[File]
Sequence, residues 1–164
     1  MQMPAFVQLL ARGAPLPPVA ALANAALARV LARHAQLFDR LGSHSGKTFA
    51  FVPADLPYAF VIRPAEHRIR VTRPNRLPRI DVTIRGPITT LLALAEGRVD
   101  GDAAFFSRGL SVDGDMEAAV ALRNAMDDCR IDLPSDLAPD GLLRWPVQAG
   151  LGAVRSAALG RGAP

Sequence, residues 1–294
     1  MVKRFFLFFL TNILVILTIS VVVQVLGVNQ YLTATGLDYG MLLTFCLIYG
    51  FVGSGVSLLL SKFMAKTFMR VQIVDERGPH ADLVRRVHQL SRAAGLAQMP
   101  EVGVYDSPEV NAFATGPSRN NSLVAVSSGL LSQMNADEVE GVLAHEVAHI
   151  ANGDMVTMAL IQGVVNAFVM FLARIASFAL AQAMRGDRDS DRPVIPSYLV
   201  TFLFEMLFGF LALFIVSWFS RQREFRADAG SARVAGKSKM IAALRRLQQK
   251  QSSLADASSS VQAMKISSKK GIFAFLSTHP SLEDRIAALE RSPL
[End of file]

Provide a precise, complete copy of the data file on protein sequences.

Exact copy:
Sequence, residues 1–164
     1  MQMPAFVQLL ARGAPLPPVA ALANAALARV LARHAQLFDR LGSHSGKTFA
    51  FVPADLPYAF VIRPAEHRIR VTRPNRLPRI DVTIRGPITT LLALAEGRVD
   101  GDAAFFSRGL SVDGDMEAAV ALRNAMDDCR IDLPSDLAPD GLLRWPVQAG
   151  LGAVRSAALG RGAP

Sequence, residues 1–294
     1  MVKRFFLFFL TNILVILTIS VVVQVLGVNQ YLTATGLDYG MLLTFCLIYG
    51  FVGSGVSLLL SKFMAKTFMR VQIVDERGPH ADLVRRVHQL SRAAGLAQMP
   101  EVGVYDSPEV NAFATGPSRN NSLVAVSSGL LSQMNADEVE GVLAHEVAHI
   151  ANGDMVTMAL IQGVVNAFVM FLARIASFAL AQAMRGDRDS DRPVIPSYLV
   201  TFLFEMLFGF LALFIVSWFS RQREFRADAG SARVAGKSKM IAALRRLQQK
   251  QSSLADASSS VQAMKISSKK GIFAFLSTHP SLEDRIAALE RSPL